In some situations, one person might desire to know something about some other people, whether it be the amount of money they make, the number of books they have read, the percentage of them who buy a certain product, or whatever this person might fancy to know. If the population considered is small enough and can be divided into groups with names that do not call for more clarification, it might not be too much of a problem to go and find this information by asking each person, assuming he or she tells the truth, and make claims about these groups.
Nevertheless, when the population is rather large, large enough that it would be extremely difficult to gather such information from each person, or too heterogeneous for a clear-cut categorization, a practice called random sampling, alongside a rather relaxed definition of names for groups is used, where a more manageable number of people from the population are supposed to be selected in an aleatory way as to still find answers to questions about the whole population; in such case, one would say that the sample is representative of the population. Nonetheless, however careful this selection could be as to qualify it as random, can one really generalize it to the whole population? What is the mathematical basis, if any, for the belief (and confidence) that such generalization is possible? Before we get to these questions, let us look a little closer at what random sampling is.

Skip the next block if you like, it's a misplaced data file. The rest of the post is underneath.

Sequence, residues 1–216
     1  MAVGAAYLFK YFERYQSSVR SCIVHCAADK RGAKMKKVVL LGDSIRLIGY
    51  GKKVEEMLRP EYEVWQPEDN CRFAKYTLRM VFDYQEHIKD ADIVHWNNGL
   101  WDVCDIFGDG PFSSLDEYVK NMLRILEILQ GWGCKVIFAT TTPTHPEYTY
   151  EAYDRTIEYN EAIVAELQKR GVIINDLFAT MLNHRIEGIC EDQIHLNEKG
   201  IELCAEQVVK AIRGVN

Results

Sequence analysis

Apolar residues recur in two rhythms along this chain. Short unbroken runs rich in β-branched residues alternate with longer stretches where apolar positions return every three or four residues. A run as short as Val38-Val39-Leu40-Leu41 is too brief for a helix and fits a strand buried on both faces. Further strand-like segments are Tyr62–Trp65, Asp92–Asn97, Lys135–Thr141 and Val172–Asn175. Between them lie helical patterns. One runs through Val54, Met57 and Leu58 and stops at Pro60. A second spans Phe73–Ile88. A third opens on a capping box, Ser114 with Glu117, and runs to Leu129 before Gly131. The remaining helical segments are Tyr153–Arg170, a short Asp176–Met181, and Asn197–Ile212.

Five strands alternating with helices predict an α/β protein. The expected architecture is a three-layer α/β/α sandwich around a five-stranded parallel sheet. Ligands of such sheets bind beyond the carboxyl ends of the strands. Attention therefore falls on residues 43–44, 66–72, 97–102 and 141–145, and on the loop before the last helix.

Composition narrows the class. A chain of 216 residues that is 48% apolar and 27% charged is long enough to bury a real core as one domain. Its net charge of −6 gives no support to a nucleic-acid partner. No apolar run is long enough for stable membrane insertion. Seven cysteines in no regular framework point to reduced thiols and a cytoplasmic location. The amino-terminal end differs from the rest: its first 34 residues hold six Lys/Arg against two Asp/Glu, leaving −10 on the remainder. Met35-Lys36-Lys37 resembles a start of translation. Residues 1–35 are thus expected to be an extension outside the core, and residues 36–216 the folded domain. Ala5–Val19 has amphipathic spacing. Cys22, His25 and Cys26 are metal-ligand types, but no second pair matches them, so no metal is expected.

The kind of information one would want to know such as the examples mentioned above is called a variable. In the case of the number of books, for each person of the population considered, a number would be assigned. Let’s say there are forty people; then, one can make many safe claims about the percentage of them who have read a certain number of books. However, for a very large and disparate population that cannot be managed too easily, a much smaller group is selected (sample) from this population so that one can hopefully arrive at some answers. The term “random” is attached to sample to say each person in the population has an equal chance of being selected. It happens there are many ways of making this sampling among which are simple random sampling, stratified random sampling, and multistage random sampling (Click here for more information about these types of sampling).